Life & Culture

“All the Sex I’ve Ever Had”: Lifetimes of Experience, Onstage


In a culture that has sex constantly on the communal brain, there’s one segment of society for whom it’s still taboo: seniors. Though you’ll see all kinds of half-naked people posing provocatively on magazine covers, steaming up the sheets on TV and in movies and just strutting down the street, it’s rare that the mainstream presents anyone 60 or over in a sexy or sensual way. The Toronto-based multidisciplinary arts company Mammalian Diving Reflex challenges this convention with “All the Sex I’ve Ever Had,” a live stage show featuring seniors talking candidly about their real-life sexual experiences.

MDR’s artistic director, Darren O’Donnell, was inspired to create the project in 2009 when he noticed a group of mature women riding gleefully on their bicycles. “They were so vibrant,” he remembers. “Suddenly, they made me see age quite differently.”

At that time, MDR was best known for “Haircuts by Children,” a site-specific interactive installation in which kids offered no-cost cuts to the public. The piece was so successful that O’Donnell wanted to remind people of the company’s edgier work. “I decided we needed to do a 180 and I thought, why not work with seniors?”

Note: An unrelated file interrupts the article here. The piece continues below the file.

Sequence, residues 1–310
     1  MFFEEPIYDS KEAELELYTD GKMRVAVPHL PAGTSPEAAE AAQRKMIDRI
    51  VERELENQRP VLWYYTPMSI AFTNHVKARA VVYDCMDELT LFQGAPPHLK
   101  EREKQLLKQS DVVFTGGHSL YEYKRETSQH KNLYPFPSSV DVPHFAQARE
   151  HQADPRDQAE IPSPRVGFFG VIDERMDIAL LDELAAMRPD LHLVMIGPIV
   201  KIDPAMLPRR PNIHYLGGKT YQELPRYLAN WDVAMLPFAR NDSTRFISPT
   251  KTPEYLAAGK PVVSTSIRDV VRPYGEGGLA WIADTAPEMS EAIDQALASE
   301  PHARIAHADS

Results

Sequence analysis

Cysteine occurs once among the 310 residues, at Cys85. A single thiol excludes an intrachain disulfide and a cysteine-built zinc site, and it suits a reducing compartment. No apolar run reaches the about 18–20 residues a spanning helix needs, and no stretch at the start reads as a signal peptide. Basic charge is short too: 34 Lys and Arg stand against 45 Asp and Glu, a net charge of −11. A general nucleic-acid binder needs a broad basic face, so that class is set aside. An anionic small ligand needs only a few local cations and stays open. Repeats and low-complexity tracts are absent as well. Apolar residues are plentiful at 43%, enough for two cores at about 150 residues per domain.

“Originally we tried to make it an environmental piece with seniors hosting a party where they would tell stories,” O’Donnell says. “At that point the show was called ‘The Best Sex I’ve Ever Had  – but the ‘best sex’ actually turned out to be the most boring. We realized we wanted to share how the seniors experienced sex, good and bad, throughout their entire lives.”

“We focus more on a life of sexuality rather than a view of simply older people and sex.”


The Courage to Let It All Hang Out